Beer flowing too fast and foamy? First thought is to turn down the CO2 pressure on the regulator, right? Wrong.
It is amazing how often service calls are made because the CO2 gas regulator has been improperly adjusted. The regulator has been turned way too low because the beer was too fast, but this fast flow is not even clear beer but foam! Instead of addressing the issue as to why there is foam, a natural inclination would be to somehow slow down this perceived fast flow so that clear beer will go into the glass.
It is helpful to understand carbonation to know a little bit about what’s going on inside your keg of beer as you dispense it. This will help you serve better draft beer.
Carbonation = Carbon dioxide dissolved in a liquid. Whether it is water (seltzer), soda, champagne or beer, dissolved carbon dioxide is the component of the drink that gives it fizz. This fizz is a natural by-product of fermentation that is produced by the yeast involved – a natural compound for use in beer. Carbon Dioxide or CO2 is a clear, colorless gas that is a key component of our atmosphere.
Many draft service calls encounter systems using 100% CO2, but the pressure setting to the keg is only around 7-8 PSIG. Doing a little detective work, the problem comes to light: the retailer says that if he used the recommended 12-14 PSIG, that a fresh keg just coupled would foam like the dickens and this foam was shooting out of the faucet.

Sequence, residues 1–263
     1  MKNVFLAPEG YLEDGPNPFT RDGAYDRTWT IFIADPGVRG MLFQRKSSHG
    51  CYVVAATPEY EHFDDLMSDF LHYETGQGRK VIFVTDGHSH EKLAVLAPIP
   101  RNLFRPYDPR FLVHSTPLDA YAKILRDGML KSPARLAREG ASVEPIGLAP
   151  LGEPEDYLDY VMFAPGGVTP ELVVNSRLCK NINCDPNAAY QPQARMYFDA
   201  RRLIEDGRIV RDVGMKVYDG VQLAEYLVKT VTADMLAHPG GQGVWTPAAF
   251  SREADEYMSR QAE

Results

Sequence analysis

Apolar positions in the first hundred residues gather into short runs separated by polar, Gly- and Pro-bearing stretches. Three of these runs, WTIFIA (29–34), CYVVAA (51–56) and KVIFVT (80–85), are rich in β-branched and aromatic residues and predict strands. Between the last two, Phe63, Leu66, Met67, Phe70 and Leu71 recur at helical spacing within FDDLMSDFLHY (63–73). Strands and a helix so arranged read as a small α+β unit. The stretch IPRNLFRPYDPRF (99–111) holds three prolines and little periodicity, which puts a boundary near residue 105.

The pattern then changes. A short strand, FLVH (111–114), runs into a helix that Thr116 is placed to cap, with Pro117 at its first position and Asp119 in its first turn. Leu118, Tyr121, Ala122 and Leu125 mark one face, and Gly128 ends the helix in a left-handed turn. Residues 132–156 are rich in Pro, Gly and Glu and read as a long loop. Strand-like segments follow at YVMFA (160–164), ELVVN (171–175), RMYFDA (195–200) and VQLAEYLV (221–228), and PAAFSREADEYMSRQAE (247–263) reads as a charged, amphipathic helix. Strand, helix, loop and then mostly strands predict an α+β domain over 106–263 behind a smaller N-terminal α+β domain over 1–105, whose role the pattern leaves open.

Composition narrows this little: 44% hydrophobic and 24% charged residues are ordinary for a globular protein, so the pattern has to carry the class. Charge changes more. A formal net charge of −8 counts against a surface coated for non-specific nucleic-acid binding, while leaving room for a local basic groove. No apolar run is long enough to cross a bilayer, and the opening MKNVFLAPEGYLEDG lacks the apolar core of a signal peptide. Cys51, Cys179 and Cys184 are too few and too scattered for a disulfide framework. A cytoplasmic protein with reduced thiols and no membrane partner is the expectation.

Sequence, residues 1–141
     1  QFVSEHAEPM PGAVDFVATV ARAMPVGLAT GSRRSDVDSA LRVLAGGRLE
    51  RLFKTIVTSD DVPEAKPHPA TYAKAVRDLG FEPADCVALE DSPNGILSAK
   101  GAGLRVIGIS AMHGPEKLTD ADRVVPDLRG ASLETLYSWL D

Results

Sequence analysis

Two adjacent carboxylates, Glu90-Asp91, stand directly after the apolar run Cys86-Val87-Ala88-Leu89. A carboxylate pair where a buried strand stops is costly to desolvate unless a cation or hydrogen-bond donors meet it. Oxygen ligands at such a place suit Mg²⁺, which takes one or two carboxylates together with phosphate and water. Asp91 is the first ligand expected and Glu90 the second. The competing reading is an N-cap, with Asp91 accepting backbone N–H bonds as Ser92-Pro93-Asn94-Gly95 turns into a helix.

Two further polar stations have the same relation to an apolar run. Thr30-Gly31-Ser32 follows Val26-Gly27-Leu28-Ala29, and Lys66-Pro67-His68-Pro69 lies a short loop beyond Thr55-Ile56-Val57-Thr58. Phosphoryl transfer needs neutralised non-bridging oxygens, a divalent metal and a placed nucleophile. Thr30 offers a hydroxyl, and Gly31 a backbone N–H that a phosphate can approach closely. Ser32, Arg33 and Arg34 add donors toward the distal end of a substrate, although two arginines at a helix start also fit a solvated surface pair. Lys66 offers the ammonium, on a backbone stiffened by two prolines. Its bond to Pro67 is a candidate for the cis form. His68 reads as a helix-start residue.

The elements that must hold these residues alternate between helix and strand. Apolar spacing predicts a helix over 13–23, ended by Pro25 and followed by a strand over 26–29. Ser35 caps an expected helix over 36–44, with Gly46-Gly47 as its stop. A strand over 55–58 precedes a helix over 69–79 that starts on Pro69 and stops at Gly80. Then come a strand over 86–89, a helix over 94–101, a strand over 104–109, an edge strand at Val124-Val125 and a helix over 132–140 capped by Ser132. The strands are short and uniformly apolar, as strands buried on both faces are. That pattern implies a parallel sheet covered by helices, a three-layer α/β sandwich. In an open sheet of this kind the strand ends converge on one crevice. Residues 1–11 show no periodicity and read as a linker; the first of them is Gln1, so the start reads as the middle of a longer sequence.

Further detective work finds that the keg was just delivered or was a backup in warm storage. Beer temperature was not 38°F, maybe closer to 50°F or worse. If the retailer lowered the pressure to 7-8 PSIG, the beer (foam) was easier to catch. As a matter of fact, they claimed that eventually the beer would clear. All that foam that was dumped out of the faucet was the actual carbonation in the beer. The beer’s gas content is reduced to the point of being flat. The retailer is now happy because the beer is going into the glass versus down the drip tray, but profit is being reduced.
Unfortunately, many retailers actually believe that the low 7-8 PSIG to the keg was ideal and the kegs should always foam when first coupled. The retailers’ pour cost of dispensing in this fashion sky rockets since most of the beer was going down the drip tray. Not to mention customers not asking for another pint. Who likes flat beer?
They would be better off placing a cup on top of the tap marker and wait until the next day to dispense. It takes that long for a warm keg to acclimate to the keg cooler.
The reason that tapping warm kegs results in foam is simple. The gas in the beer is very, very sensitive to temperature – particularly warm temperatures. This carbon dioxide gas is looking for any reason to jump out of the beer. More so when the beer is warm since gas expands when heated.
The bottom line for keeping pour cost low, resale high and to enjoy beer as the brewer intended is to manage your inventory to avoid dispensing from a warm keg while applying the correct PSIG. Keep your fingers off of that regulator if foam is barreling out of the faucet. Be patient and once the keg has acclimated, clear beer will appear.
And remember – beer has gas and its temperature trumps everything when dispensing.
For more information on how to serve the best draft beer, visit micromatic.com.